Case Update List Archive 1990-1999

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1999 Police Case Update List


Spades v. City of Walnut Ridge, ___F.3d ___ (No. 98-4119, 8th Cir. 1999). Officer who used city-issued handgun to attempt suicide was terminated based on fear of exposure to legal liability. Officer sued agency claiming ADA violation. 8th Circuit affirmed officer's termination holding that officer's depression was controlled by medication and counseling, therefore not a disability pursuant to Sutton and Murphy. "Increased potential liability associated with an employee's past activities is a legitimate concern of the City, particularly where there is known violent behavior."

Alsbrook v. City of Maumelle, ___ F.3d ___ (WL 521709 (8th Cir. 1999). Officer candidate rejected based on failure to meet POST vision standards. Candidate sued claiming violation of title II of the ADA. 8th Circuit held that Congress did not abrogate State's immunity and that 11th Amendment barred suit against the State.

Equal Employment Opportunity Commission v. Wal-Mart Stores, Inc., ___ F.3d ___ (10th Cir. No. 98-2015, 8/23/99). Employer must do more than produce a written nondiscrimination policy to avoid vicarious liability for $75,000 in punitive damages for the misdeeds of its managers. Must make good faith effort to educate employees about the law and the policy.

Albertson's Inc. v. Kirkinburg, ___ U.S. ___, 119 S.Ct. 2162, 144 L.Ed.2d 518 (1999). Employer entitled to enforce visual acuity standard against employee truck driver who had obtained waiver of standard under experimental federal program.

Sutton v. United Airlines, ___ U.S. ___, 119 S.Ct. 2139, 144 L.Ed.2d 450 (1999). Determination of whether disability substantially limits major life activity held properly made with reference to mitigating measures. Severely myopic individuals (20/200 or worse right eye, 20/400 or worse left eye; correctable to 20/20 or better with glasses/lenses) denied employment based on a 20/100 uncorrected standard were not disabled where corrective lenses allowed individuals to function identically to people without similar impairment.

Murphy v. United Parcel Service, Inc., ___ U.S. ___, 119 S.Ct. 2133, 144 L.Ed.2d 518 (1999). Determination of whether disability substantially limits major life activity held properly made with reference to mitigating measures. High blood pressure controlled by medication not a disability.

Smith v. Midland Brake, Inc., ___ F.3d ___ (10th Cir. 1999)(en banc). A person who is unable to perform the essential functions of his current job with or without reasonable accommodation but could perform the essential functions of other available jobs in the company is a "qualified individual with a disability." If a reasonable accommodation was not available to help the employee perform his current job, then the employer must consider reassignment.

Civil & Criminal Liability

Spencer v. Knapheide Truck Equipment Co., 183 F3d 902 (8th Cir. 1999). Plaintiff, a pre-trial detainee suffered injuries rendering him a quadriplegic after he was placed with his hands cuffed behind his back in a police wagon and was thrown forward into the bulkhead of the passenger compartment. There were no seatbelts or other safety restraint devices installed in the compartment. The Boards decision to use patrol wagons without seatbelts was based on its concern that the individuals transported in the wagon, even those who were handcuffed, could use the seatbelt as a weapon to harm an officer, other passengers being transported in the wagon, or even themselves. Plaintiff claimed that the Board maintained an official policy of purchasing and using patrol wagons that were inherently unsafe. The Appellate Court affirmed the District Court’s decision that the Board was not deliberately indifferent to plaintiff’s constitutional rights.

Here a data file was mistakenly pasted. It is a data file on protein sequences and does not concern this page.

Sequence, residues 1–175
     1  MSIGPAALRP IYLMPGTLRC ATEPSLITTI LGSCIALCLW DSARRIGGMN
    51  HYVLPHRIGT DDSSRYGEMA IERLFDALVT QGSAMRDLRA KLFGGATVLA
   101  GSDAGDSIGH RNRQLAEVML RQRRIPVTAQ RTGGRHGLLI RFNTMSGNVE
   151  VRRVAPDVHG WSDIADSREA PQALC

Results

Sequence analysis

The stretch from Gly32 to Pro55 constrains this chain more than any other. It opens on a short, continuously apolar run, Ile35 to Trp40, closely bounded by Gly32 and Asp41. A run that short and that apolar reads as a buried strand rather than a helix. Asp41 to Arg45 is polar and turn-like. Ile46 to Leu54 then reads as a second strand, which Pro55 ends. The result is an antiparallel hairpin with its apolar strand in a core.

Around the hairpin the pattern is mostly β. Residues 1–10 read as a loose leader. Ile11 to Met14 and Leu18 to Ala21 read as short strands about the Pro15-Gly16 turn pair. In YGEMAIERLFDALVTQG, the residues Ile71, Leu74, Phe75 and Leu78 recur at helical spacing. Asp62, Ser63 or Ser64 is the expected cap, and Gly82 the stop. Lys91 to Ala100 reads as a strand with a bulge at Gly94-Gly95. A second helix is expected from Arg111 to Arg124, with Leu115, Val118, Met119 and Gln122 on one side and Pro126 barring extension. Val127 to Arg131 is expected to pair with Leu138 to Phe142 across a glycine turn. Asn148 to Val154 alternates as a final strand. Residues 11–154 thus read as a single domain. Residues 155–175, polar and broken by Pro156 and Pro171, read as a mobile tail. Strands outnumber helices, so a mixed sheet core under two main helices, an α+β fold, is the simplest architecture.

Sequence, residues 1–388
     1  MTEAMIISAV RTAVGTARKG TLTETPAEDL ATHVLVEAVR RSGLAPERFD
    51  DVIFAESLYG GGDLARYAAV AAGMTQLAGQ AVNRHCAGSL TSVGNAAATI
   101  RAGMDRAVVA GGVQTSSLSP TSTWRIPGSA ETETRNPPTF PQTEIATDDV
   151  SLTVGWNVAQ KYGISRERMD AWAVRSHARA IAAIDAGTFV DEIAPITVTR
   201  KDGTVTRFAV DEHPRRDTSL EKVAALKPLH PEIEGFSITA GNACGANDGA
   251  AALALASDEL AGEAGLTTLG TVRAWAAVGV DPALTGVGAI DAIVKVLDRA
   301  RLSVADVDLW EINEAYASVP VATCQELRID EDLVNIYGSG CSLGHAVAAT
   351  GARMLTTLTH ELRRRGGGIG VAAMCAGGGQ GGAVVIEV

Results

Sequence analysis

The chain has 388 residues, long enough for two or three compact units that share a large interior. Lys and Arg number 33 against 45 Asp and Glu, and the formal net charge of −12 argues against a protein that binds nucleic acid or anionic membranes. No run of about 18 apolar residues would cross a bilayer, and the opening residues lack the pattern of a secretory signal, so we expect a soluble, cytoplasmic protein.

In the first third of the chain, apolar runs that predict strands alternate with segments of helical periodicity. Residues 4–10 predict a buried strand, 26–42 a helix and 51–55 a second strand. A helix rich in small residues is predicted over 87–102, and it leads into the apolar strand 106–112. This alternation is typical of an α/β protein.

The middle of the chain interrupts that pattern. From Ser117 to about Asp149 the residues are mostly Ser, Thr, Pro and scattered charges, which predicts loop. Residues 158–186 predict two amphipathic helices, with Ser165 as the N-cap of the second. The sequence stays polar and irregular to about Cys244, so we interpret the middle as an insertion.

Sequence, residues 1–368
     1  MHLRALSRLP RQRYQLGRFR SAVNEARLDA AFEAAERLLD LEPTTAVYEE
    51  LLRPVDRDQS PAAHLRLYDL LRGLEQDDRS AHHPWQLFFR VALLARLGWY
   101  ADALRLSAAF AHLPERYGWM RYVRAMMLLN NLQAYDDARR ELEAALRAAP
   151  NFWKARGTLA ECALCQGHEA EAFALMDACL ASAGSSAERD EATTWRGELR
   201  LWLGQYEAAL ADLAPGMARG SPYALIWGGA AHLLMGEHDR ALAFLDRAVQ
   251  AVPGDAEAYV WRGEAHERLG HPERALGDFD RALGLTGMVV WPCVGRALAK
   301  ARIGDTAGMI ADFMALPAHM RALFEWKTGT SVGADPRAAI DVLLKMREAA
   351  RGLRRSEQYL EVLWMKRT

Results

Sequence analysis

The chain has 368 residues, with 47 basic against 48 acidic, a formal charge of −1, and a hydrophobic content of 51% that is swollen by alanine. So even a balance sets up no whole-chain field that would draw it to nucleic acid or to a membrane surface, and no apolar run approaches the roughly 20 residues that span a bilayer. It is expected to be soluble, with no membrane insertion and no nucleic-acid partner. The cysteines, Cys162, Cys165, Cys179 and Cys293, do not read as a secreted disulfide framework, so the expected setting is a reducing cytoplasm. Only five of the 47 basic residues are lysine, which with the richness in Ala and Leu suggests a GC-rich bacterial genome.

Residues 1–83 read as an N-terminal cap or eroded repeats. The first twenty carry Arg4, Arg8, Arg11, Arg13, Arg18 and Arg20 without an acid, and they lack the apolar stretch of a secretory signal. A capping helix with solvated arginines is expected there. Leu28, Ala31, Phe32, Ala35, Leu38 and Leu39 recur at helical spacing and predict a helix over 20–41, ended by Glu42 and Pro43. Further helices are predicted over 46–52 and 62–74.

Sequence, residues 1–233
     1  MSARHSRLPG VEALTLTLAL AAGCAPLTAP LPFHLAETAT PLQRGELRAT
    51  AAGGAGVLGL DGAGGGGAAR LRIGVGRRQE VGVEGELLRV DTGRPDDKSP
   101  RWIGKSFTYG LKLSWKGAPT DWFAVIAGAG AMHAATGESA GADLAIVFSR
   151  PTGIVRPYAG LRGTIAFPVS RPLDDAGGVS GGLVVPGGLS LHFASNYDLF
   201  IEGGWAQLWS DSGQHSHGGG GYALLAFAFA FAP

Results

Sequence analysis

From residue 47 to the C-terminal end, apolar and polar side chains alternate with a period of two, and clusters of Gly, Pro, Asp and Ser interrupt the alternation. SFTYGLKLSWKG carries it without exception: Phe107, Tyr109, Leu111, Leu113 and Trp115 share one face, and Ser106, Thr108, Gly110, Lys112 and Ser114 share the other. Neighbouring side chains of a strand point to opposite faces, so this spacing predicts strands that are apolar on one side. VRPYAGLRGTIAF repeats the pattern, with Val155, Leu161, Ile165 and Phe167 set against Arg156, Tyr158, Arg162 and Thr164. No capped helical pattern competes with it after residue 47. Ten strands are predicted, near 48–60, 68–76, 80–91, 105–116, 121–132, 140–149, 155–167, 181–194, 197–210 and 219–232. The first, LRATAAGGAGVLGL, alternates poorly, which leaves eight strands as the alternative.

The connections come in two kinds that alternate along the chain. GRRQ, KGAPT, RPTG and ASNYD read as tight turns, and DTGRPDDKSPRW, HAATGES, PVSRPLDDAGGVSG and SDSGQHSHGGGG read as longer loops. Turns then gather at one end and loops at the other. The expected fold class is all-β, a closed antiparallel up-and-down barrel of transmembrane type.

State v. Cheek, ___ Kan. App. 2d ___ (1999). Former Kansas City police officer's voluntary manslaughter conviction upheld. Off duty officer fired four shots at Milton Fostor in a Bonner Springs Sports Bar.

Butera v. District of Columbia, ___ F.Supp. ___ (D.C. 10/20/99)(profiled in 9 K.L. 499 p. 3). Jury awarded mother of Eric Butera $98 million after police failed to protect him. Butera overheard info regarding a murder while buying drugs. Police asked him to make another buy, and repeatedly say they would protect him. Sent him to make the buy without surveillance equipment. Butera was attacked, robbed & killed before entering the house. Police did not find out until 40 minutes later when someone called 911.

Brown v. Oneonta, ___ F.3d ___ (2d Cir. 98-9375 10/26/99). LEOs did not deny blacks equal protection by conducting a "sweep" of a small, predominantly white town after and elderly woman said she a "young black man" broke into her home and cut his own hand with a knife while struggling with her. Officers did Terry stops of more than 200 young black males and checked their hands. Court found no intentional discrimination. Plaintiffs were not questioned "solely on the basis of their race . . . but on the altogether legitimate basis of a [somewhat vague] physical description given by the victim of a crime."

California Attorneys for Criminal Justice v. Butts, 195 F.3d 1039, (9th Cir. 1999), pet. for cert. filed ___ U.S. ___ (Nos. 97-56499 and 97-56510). Argued 1st week of October 1998. Case poses two basic questions: (1) Does the Fifth Amendment prohibit a police officer from deliberately continuing an interrogation after a suspect asks for a lawyer? and (2) If the interrogation violates Miranda, can the officer be held liable in a 42 U.S.C. § 1983 action? Ninth Circuit said yes to both questions.